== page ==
from In Summer
by Paul Laurence Dunbar, 1872-1906
You can read the entire poem here.
p.s. giveaway for a copy of Textbook Amy Krouse Rosenthal is still open!
Amy Krouse Rosenthal has a new book out this month and to celebrate the beginning of the school year, I'm giving two copies away!
But first, a little information: It is probably widely known that I am an Amy Krouse Rosenthal superfan; when she announced she was searching for some people to be part of her latest book promotion team I applied that same day. Her last book for grownups, Encyclopedia of an Ordinary Life, is one of my all-time favorites (along with pretty much every single one of her children's books). There's something so... hygge about everything she writes. (I was reading this interview in the Chicago Tribune* about the book, where she references the Danish word "hygge" and I did some more reading about it, and that is absolutely how I would describe the experience of reading her books. Perfect!).
I read my advance copy on my flights from Denver to Montgomery in June—this was both perfect and problematic. Perfect because it is the right length of book to read on a flight. Problematic because of the format: this is a book to read when you actually have cell service or wifi, because it's interactive. I had no idea how impatient I would be to land so I could get my text sent to get started on the process of being able to submit things or request things, depending on the part of the book I was reading. I took paper notes on everything so I could start during my layover in Dallas. This format? Really, really fun, and completely different from anything I've ever read before. I think that was the point—this is the first interactive book of this kind published.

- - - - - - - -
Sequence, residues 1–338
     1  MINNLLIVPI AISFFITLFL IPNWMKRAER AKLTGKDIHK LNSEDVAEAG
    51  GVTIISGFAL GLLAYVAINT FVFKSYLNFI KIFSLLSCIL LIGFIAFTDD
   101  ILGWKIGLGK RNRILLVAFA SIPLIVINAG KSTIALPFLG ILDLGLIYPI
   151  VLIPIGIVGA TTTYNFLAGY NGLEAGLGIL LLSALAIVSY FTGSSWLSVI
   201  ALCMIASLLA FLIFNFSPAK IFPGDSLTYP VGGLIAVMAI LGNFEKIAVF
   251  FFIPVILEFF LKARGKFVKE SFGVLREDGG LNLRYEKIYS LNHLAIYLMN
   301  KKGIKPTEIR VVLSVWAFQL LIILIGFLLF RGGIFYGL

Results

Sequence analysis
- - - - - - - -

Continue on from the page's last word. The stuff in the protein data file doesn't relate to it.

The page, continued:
I did rip the page out as I was instructed to do so I could give it to the lady sitting next to me (after working up the nerve and waiting until the last minute before we deboarded). I may have startled her at first, but she seemed genuinely touched that I ripped a page out of my book to give to her. Heh. Related: don't tell the girls I ripped a page out of my book. They still haven't recovered from the projects I did for Ella Publishing Co.'s Book Crafting.
An important piece of magic to report: one of the things I did while waiting for my second flight from Dallas to Montgomery was the part about sharing messages of good luck for her safekeeping. It feels too private to tell you exactly what I texted, but I will tell you it had to do with Cleveland. Who went on to WIN THE NBA CHAMPIONSHIP A FEW DAYS LATER**. You be the judge.
Another favorite opportunity for interaction: submitting to the Live Rainbow Feed. I was anxious to spot a rainbow so I could do this one, and I finally spotted one a few weeks ago and immediately texted the photo.
I think this style of book appeals to me not because it's particularly challenging in length or content, but because it stays with me. Just like Encylopedia of an Ordinary Life, this book is all about the author's experiences—but not just the author's experiences, because it so seamlessly draws in the reader and his or her experiences, too. It is no secret that I also love things written into a familiar format: lists, the almanac format I used for The Scrapbooker's Almanac, an encylopedia, a textbook. And the fact that this one is participatory makes an already good reading experience into a shared one. Hygge for sure.
I want to share Textbook Amy Krouse Rosenthal with you, too! There is a pre-assessment in the introduction, and you can answer one of those questions as your official entry:
In Group Discussions
a.) I truly want to hear what others have to say and enjoy listening.
b.) I theoretically want to hear what others have to say, yet I find myself doing most of the talking.
c.) I want others to hear what I have to say, but I seem to have difficulty inserting/asserting myself.
d.) I want others to hear what I have to say and have no problem whatsoever making that happen.
You can just tell me which one, or you can elaborate : )
I will draw two winners based on the age-old blog giveaway rules here: giveaway will remain open until it's closed. So don't delay!
*Speaking of people I am on book promotion teams for that have recently appeared in The Chicago Tribune, here's another one. 🎉